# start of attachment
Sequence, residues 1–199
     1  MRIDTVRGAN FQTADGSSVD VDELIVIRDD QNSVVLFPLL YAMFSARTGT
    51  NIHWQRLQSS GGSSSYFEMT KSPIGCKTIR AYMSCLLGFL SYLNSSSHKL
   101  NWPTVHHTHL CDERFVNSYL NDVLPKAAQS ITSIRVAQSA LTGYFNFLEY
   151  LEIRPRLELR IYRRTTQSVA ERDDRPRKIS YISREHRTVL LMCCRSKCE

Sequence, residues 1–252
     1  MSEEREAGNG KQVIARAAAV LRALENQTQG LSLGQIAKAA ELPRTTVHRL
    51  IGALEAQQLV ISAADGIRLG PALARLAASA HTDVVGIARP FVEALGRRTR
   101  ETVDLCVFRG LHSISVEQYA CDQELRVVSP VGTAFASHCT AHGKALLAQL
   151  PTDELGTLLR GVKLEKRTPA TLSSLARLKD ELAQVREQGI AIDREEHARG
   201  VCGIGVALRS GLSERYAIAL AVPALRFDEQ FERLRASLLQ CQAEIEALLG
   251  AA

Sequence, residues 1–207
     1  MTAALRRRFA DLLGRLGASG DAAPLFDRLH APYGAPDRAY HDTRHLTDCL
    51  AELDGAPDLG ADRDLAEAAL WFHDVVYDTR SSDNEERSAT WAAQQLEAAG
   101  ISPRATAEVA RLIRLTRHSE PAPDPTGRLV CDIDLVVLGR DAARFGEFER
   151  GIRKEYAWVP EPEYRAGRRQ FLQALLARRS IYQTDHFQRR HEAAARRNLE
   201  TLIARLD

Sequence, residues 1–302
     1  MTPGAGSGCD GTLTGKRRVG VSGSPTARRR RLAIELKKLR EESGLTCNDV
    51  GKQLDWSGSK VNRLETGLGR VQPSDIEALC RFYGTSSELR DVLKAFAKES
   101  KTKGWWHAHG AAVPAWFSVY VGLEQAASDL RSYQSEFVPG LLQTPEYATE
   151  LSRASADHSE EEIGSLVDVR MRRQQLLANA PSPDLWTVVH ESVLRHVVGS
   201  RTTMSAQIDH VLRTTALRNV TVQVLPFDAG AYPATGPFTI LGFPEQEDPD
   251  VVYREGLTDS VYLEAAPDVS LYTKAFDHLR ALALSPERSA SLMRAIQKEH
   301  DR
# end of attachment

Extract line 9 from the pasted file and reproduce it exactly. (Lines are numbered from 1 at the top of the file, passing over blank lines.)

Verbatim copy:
   101  ETVDLCVFRG LHSISVEQYA CDQELRVVSP VGTAFASHCT AHGKALLAQL